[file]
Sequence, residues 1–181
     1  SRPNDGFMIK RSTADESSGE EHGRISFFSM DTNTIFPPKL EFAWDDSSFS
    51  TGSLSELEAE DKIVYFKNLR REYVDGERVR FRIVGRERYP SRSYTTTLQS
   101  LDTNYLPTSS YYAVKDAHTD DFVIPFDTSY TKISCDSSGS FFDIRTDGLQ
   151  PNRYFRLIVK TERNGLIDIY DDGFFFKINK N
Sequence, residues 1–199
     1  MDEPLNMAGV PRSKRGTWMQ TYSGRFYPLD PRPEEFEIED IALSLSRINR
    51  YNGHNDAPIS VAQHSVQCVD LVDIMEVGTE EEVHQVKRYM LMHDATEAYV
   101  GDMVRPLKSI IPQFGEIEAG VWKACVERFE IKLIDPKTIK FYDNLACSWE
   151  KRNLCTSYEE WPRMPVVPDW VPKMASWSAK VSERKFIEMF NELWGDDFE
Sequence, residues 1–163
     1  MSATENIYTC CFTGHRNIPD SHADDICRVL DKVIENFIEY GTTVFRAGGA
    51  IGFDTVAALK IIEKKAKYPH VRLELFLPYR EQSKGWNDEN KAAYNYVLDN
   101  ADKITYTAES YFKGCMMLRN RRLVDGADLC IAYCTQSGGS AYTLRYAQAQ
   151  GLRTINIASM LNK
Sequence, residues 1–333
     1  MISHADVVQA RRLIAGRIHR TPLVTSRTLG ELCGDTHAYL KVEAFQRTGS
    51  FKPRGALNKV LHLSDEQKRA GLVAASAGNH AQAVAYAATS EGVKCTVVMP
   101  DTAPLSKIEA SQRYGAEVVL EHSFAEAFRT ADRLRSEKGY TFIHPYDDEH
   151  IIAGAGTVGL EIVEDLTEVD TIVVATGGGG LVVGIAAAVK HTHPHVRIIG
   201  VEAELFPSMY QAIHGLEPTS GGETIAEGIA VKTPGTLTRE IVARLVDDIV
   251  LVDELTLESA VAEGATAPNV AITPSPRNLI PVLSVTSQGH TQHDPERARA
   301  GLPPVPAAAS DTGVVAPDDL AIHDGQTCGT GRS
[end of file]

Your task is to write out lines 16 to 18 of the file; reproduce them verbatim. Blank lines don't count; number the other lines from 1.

Sequence, residues 1–333
     1  MISHADVVQA RRLIAGRIHR TPLVTSRTLG ELCGDTHAYL KVEAFQRTGS
    51  FKPRGALNKV LHLSDEQKRA GLVAASAGNH AQAVAYAATS EGVKCTVVMP